Preserving for future access

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Launched in 2005, Portico has now attracted an impressive number of publisher and library partners. Executive director Eileen Fenton tells us why preserving information is important

Why is preservation important?

Libraries often no longer hold copies of materials locally. They are on the publishers’ servers. Libraries and publishers understand how access is happening today but they are less clear how it will happen in the future, especially if a publication ceases to be published.

Our mission is to preserve scholarly literature so that it can be accessed over time. We work with publishers, initially to preserve e-journals but now also to preserve e-books. We are also looking at digitised content, such as newspaper collections, which are important to many libraries and scholars.

Publishers create materials in many different formats. Our data specialists and programmers help to convert content from the publisher’s format to an archival format. Both versions are then put into the Portico archive. All of the metadata that comes with various publications are also converted into archival format, as well as keeping the original, and we can track them all. We also keep events metadata so that we can track everything that happens with each file.

Currently we have nearly 8 million articles, which equates to about 80 million files and approximately 7.5Tb of data. The data is surprisingly small because the content is currently largely text-based. Another 14-15 million articles have been promised. These come from nearly 8,000 journals from around 60 publishers.

We hold these materials on behalf of publishers and libraries. If a publisher were to go out of business or cease to publish a title [a so-called trigger event], Portico would be able to provide access. We only provide this access to those libraries that fund Portico’s ongoing preservation work, but we provide it to all our libraries, irrespective of whether they previously had subscriptions to that title.

About 469 libraries from 13 countries are Portico participants. Information suffers from the free-rider situation, where people assume that somebody else will pay, and we try to avoid that with preservation. The contributions that we seek from libraries vary in size depending on the libraries’ materials expenditure. Publishers also contribute and their fees are linked to their revenue.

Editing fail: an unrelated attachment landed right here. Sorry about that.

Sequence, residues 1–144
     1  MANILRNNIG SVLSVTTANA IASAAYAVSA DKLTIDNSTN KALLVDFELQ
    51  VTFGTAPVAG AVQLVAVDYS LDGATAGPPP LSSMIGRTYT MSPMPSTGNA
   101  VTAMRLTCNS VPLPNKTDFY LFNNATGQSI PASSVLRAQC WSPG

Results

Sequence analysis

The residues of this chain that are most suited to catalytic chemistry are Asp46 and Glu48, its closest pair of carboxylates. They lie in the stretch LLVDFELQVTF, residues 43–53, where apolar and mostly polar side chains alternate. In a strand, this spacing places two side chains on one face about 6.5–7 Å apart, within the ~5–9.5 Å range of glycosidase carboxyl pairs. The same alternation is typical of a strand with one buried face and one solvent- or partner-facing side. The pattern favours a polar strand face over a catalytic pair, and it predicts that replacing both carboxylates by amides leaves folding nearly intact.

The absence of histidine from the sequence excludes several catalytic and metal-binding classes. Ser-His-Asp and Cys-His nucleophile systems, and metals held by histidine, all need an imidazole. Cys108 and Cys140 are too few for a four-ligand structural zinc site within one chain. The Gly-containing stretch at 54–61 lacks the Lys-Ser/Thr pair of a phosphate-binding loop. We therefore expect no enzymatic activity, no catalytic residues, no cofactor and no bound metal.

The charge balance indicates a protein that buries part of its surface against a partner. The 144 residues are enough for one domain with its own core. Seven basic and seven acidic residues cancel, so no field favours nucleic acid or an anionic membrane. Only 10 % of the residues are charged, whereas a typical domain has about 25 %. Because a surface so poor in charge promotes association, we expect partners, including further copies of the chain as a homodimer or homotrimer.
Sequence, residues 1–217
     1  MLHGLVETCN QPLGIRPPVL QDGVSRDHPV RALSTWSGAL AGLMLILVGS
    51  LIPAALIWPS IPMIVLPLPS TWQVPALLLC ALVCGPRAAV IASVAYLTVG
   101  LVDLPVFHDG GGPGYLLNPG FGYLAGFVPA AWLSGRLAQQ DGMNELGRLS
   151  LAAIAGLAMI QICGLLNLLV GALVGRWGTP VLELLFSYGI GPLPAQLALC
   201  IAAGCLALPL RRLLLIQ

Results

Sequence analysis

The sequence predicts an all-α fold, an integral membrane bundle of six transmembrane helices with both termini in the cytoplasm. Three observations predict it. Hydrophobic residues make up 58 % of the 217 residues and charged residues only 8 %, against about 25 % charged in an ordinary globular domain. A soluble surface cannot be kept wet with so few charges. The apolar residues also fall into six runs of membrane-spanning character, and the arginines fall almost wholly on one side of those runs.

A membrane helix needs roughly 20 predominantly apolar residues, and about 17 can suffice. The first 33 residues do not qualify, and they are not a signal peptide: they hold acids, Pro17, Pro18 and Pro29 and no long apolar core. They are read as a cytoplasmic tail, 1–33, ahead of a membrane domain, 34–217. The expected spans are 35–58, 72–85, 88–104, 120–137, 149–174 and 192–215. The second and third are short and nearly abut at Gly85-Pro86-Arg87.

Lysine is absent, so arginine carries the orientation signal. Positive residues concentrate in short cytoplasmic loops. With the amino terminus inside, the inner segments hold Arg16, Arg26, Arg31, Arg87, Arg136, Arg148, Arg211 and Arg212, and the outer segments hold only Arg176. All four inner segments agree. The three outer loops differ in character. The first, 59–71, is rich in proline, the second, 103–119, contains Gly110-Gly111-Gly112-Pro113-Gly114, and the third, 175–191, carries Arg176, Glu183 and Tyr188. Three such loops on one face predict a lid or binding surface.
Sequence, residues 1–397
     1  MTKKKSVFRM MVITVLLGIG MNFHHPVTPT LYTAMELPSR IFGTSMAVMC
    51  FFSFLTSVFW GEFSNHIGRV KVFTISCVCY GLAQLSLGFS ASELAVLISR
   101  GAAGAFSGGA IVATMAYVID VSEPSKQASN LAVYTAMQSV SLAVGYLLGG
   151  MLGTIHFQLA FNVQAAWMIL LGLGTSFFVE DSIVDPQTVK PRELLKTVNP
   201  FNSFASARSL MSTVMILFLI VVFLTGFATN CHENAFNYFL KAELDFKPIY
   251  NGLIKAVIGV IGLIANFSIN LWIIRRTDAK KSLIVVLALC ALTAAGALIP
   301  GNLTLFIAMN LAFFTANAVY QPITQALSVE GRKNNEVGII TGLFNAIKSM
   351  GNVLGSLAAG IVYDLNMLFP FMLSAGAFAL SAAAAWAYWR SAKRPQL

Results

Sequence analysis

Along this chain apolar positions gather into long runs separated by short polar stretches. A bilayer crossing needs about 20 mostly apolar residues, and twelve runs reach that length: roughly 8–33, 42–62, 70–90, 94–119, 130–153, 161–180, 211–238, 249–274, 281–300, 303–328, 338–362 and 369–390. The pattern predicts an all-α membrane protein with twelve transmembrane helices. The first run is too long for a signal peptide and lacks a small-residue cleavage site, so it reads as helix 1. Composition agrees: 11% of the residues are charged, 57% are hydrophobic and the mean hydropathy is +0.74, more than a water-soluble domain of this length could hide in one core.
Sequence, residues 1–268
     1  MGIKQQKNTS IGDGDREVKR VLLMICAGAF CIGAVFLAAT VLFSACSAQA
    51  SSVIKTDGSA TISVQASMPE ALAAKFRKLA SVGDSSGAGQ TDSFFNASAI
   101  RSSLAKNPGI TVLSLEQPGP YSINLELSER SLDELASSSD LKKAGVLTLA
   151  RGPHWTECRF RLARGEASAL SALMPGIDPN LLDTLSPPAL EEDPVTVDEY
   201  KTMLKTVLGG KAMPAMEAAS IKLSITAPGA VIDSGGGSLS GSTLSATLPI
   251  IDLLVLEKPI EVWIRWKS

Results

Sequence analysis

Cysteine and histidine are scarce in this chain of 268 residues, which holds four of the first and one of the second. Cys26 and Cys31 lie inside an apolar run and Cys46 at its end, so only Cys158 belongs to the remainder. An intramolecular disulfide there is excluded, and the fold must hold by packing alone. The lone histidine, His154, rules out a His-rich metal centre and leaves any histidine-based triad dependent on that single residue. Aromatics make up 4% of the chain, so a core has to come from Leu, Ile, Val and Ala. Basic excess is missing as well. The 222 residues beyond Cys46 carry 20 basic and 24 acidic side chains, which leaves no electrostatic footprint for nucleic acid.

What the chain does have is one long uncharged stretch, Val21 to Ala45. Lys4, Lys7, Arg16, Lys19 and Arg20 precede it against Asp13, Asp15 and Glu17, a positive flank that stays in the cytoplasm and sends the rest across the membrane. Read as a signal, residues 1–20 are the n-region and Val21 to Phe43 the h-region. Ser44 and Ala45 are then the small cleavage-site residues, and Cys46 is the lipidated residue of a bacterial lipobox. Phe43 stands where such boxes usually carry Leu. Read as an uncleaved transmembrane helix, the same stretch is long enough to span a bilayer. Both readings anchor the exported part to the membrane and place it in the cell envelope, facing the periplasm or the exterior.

What are the benefits?

There is concern about long-term access. Libraries can ensure that there are no gaps in their collections by working with an independent third party like Portico. We routinely receive queries from libraries about what content is actually in the archive. In response to these, we provide customised reports to libraries that compare the archive’s holdings to a library’s local holdings or subscriptions.

This comparison service has proven to be quite useful to libraries as they make decisions about what print to discontinue or to move to remote storage or deaccession.

Publishers can also designate Portico to accommodate post-cancellation access to their journals. It relieves the administrative burden on them from people they are no longer receiving subscriptions from, provided that these libraries fund Portico’s ongoing work. We are starting to see libraries inserting requests into their publisher agreements that Portico be the location for post-cancellation access.

It is also in the publishers’ own interests. They might have their own backups, but it is good to have an independent archive. The process of moving content from a proprietary format to an archival format can enable us to detect systematic errors in publishers’ files. This might be, for example, fl aws in JPEGs created by their vendors. We can give them feedback about problems in their data and insight into industry-wide standards and trends.

Who do you work with?

We link with a variety of organisations including the Digital Preservation Coalition in the UK, the Center for Research Libraries (CRL) in the USA and the US National Library of Congress’ National Digital Information Infrastructure and Preservation Program (NDIPP). We also have a formal agreement with Koninklijke Bibliotheek, the National Library of the Netherlands for it to hold an offl ine copy of the Portico archive that we deliver at least twice a year. We are also looking for another off-site partner.

We work quite closely with CrossRef, considering, for example, what sort of adjustments need to be made to an article’s links when a journal is triggered.

What are the big challenges ahead?

As publishers and libraries have become more digitally orientated, the need for preservation has become embedded in what they do. Libraries are thinking about print and digital preservation in a holistic way. Initially, publishers were under pressure from libraries to make preservation available, but now they are trying to stay ahead of libraries and they expect us to preserve their whole portfolio.

One of the challenges is from the quantity of content to be preserved. We’ve made good progress with journals, but there is a growing amount of books and digitised collections content. In addition, there are big challenges with preserving databases because they are dynamic, not static. Nobody has completely resolved this yet, but people are working on it.

Interview by Siân Harris